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Subsea Vehicles: UUVs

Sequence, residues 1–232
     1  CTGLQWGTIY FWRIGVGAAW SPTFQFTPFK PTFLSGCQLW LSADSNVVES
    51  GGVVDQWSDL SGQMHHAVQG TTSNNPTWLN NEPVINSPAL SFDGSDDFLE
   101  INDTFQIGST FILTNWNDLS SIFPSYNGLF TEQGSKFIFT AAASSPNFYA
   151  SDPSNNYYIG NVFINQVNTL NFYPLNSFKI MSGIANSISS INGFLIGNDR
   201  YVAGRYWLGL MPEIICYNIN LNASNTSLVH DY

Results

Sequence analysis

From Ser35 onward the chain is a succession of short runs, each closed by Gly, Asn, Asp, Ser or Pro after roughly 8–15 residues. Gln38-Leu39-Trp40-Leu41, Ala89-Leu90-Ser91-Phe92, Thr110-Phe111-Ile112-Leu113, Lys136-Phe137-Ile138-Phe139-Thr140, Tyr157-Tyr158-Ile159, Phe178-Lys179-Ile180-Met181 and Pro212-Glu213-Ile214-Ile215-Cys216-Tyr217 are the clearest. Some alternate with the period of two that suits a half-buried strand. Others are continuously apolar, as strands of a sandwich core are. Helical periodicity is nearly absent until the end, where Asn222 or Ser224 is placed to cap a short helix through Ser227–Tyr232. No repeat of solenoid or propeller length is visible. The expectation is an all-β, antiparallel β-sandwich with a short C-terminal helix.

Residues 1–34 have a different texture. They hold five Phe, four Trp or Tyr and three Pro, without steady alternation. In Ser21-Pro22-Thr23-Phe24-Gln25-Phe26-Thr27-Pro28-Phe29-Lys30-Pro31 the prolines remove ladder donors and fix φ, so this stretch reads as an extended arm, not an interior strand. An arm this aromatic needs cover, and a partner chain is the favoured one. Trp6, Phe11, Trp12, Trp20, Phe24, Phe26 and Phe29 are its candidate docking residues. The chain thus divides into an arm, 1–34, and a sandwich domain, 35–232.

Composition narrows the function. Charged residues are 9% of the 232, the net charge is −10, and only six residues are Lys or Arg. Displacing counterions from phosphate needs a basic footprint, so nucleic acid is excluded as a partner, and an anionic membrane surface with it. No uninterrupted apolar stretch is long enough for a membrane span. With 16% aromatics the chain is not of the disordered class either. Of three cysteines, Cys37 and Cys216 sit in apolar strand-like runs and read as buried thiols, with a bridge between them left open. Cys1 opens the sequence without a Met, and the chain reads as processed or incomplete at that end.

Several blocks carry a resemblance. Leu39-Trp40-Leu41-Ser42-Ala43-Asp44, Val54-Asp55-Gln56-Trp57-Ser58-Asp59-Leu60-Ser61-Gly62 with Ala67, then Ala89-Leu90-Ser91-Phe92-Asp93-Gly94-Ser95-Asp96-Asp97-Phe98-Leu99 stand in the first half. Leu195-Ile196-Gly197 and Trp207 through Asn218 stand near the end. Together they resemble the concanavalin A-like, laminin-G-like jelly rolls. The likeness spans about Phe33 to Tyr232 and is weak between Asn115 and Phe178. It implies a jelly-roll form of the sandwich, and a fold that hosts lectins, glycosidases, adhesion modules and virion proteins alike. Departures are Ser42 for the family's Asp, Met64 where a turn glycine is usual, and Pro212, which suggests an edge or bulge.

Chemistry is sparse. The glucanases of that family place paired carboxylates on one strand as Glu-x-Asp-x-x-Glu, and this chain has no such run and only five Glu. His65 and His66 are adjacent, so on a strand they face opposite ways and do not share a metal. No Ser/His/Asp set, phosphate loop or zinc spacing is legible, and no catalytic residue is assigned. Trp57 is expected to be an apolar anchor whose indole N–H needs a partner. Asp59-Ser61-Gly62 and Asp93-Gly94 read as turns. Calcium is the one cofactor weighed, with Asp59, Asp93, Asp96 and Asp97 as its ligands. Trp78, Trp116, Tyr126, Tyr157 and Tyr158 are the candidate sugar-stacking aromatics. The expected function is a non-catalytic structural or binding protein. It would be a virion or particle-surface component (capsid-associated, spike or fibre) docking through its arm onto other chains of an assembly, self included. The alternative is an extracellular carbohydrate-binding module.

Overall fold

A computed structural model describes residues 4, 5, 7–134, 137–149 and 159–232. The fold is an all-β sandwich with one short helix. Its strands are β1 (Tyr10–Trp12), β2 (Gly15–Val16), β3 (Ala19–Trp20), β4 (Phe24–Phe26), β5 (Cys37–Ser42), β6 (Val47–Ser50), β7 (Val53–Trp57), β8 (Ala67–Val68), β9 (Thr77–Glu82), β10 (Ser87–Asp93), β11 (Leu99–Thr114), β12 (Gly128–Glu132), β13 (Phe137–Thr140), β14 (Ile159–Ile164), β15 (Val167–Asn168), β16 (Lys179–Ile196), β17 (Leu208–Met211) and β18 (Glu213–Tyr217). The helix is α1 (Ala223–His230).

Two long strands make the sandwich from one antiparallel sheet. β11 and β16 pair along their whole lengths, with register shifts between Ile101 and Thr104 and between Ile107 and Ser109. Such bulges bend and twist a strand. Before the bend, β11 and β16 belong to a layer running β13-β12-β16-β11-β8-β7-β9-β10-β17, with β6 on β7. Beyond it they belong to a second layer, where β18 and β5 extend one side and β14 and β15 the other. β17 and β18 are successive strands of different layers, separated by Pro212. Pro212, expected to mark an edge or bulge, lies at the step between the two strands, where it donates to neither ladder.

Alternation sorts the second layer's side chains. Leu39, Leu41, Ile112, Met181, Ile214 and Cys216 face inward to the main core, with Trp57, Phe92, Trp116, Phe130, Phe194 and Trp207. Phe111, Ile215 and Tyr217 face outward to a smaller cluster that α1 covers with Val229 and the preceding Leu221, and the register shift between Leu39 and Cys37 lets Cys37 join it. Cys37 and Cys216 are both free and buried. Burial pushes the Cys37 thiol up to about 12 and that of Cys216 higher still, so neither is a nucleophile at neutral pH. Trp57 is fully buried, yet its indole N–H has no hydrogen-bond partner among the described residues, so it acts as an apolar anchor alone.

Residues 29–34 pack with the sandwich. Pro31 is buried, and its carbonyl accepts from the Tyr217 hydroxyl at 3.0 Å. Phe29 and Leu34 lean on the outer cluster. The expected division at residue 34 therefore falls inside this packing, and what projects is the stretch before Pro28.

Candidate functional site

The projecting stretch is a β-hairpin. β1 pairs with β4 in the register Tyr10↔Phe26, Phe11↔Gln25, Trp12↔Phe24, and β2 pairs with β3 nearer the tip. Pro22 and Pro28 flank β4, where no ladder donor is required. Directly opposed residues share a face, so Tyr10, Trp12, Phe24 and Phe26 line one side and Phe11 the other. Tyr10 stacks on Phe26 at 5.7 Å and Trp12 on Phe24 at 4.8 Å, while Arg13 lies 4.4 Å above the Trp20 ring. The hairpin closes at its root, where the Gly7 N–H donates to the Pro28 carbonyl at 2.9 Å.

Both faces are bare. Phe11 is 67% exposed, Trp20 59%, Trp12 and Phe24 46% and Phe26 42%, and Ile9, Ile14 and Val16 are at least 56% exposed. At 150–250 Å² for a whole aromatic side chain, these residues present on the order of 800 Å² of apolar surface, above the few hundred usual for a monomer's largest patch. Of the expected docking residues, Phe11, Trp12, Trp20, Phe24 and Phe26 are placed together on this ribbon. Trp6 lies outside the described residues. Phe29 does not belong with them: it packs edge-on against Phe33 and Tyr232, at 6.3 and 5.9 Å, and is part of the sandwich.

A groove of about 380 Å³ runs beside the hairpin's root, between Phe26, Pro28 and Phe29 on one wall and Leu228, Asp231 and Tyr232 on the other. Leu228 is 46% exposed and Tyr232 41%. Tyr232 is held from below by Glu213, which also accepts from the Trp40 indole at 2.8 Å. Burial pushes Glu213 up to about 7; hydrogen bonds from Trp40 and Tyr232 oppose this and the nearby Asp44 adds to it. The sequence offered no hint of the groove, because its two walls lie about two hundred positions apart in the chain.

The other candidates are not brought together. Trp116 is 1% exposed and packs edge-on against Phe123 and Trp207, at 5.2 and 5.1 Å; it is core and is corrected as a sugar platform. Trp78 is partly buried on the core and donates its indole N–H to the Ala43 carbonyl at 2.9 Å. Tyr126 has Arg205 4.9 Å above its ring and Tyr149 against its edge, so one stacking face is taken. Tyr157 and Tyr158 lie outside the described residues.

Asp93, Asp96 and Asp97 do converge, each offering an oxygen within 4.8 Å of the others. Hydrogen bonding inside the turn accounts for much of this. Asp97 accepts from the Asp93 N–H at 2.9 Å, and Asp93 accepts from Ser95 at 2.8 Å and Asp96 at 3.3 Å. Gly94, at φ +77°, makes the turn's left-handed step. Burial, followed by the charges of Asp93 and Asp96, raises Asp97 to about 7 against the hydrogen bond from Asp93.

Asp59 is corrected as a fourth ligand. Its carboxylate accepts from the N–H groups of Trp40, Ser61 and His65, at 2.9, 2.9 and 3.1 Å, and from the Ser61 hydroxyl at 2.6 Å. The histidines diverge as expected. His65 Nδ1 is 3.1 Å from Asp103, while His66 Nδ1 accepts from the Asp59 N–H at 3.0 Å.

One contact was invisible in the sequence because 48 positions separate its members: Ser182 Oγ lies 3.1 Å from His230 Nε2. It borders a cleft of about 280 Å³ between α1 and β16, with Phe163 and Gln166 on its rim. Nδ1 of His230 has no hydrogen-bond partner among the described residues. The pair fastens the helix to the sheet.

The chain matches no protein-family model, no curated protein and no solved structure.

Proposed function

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work plans. This often occurs through a negotiation process where face-to-face time is critical.? Once a New Work Item has been accepted by the Subcommit-tee, the standard for that item is typi-cally scheduled to be completed in three years, said Steenhof. If a four-year de- velopment track is required, ISO is noti-  ed.The Ice Management standard, for ex- ample, is set to be  nalized by the end of June, 2016. Stephen Green is vice-chair of the ice management work group (Robin Browne of Chevron Canada is chair), which encompasses ice, currents, meteorology, and icebreaking and ice management operations utilizing re-mote sensing, aircraft sensor, and radar data. Their work will culminate in the creation of a manual that will include checklists that oil companies will use in the development of their ice manage- ment plans.António Simões Ré who is Canadian vice-chair of the ISO technical com-mittee and also working group lead of the escape, evacuation, and rescue work group, likened the decision making process to that of the United Nations. ?Countries have different approaches to legislation,? he said. ?For example, tra- ditionally, the Russians tend to be more prescriptive while Canadians are more oriented towards performance-based, so you have to work through that.? Simões Ré, who is a senior research engineer at the National Research Council of Canada?s Ocean and Coastal Rivers En- gineering facility in St. John?s, noted that the biggest challenge for his work group is addressing the requirements of both onshore and offshore operations. Whereas winter conditions are severe in the offshore areas, onshore opera- tions may bene t from temporary in- frastructure such as ice roads which facilitate evacuation. He doesn?t think the hazards and challenges of working at the different latitudes in the North can be addressed by improving on existing technologies.?A step change is needed,? said Simões Ré. ?We need new ways of doing things, due to the remoteness and lack of in-frastructure. The solutions will need to be more self-suf cient and robust.? He foresees either the development of de- signs that are  tted for all hazards and conditions that work in all seasons?but that do not do anything exceptionally well?or multiple types of evacuation technology that will be tailored for each season. While Arctic operations won?t provide a high-volume market for new technologies, Simões Ré sees this as an opportunity for companies to showcase their design capabilities, which will likely lead to applications in less chal- lenging environments.  e Arctic 28 MTRJanuary/February 2014 MTR #1 (18-33).indd 28MTR #1 (18-33).indd 281/27/2014 9:52:46 AM1/27/2014 9:52:46 AM

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